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Madame Nhu
Birth: Apr. 15, 1924
Ho Chi Minh (Saigon), Vietnam
Death: Apr. 24, 2011
Rome
Lazio, Italy

Political Figure. Called the "Dragon Lady" after a cartoon character of the day, she was the influential and controversial First Lady of South Vietnam in the early days of independence from France. Born Tran Le Xuan ("Beautiful Spring") to a wealthy and distinguished family, she was educated in France, always used French as her first language, and never did learn to write in Vietnamese. In 1943 she married the somewhat older Ngo Dinh Nhu and embraced his family's Catholic faith and anti-Communist politics. Captured by Communist troops when Hue was overrun in 1946, she was held prisoner for two months until freed by the French; her maltreatment in captivity hardened her hatred of Communism. When colonial rule in French Indochina ended in 1955 Madame Nhu's unmarried brother-in-law Ngo Dinh Diem became the first President of South Viet Nam. Exiled to a Hong Kong convent for public statements urging Diem to deal strongly with his opposition, she was returned and installed as surrogate First Lady when Diem decided to follow her advice. Known for her good looks, which she was not afraid to show off in tight, low cut dresses, as well as for her sharp tongue and lack of tact, she became a magnet both for photographers and for opponents of the Diem regime. Elected to the National Assembly in 1956, she helped expand women's rights but drew criticism for legislation against adultery and divorce. Madame Nhu became Diem's counsellor, public voice, and lightning rod, but as opposition to the government's harsh measures increased so did her resolve and her hatred for the American press which she equated with the Communists. When Buddhist students were arrested in the summer of 1963 and monks began immolating themselves in protest, she drew anger for inviting the world to the "barbecue"; eventually even Madame Nhu's parents felt compelled to resign their diplomatic posts in the United States. After Nhu and Diem were assassinated on November 2, 1963, she went into exile and lived in France and Italy for the remainder of her life. Never softening her views, she said that America "preaches the liberty of the jungle". (bio by: Bob Hufford)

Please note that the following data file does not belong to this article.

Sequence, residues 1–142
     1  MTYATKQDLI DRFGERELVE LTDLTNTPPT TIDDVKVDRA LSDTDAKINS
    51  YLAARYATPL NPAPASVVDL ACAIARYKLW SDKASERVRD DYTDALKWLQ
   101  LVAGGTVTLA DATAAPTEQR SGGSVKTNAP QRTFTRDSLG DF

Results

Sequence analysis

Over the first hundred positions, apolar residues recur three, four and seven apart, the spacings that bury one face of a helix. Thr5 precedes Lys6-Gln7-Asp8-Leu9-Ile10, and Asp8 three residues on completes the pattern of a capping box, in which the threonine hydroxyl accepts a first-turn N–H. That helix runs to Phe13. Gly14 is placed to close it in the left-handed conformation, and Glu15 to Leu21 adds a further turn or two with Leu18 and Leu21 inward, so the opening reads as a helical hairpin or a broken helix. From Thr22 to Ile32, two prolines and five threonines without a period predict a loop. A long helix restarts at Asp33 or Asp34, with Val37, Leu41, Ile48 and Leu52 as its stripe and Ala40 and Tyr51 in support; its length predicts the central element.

Family links: 
 Spouse:
  Ngo Dinh Nhu (1910 - 1963)
 
Burial:
Unknown
 
Maintained by: Find A Grave
Originally Created by: Bob Hufford
Record added: Apr 27, 2011
Find A Grave Memorial# 68968437
Madame Nhu
Added by: Bob Hufford
 
Madame Nhu
Added by: Bob Hufford
 
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 Added: Apr. 24, 2014

- Bob Hufford
 Added: Apr. 15, 2014

- Janis Coleman
 Added: Apr. 15, 2014
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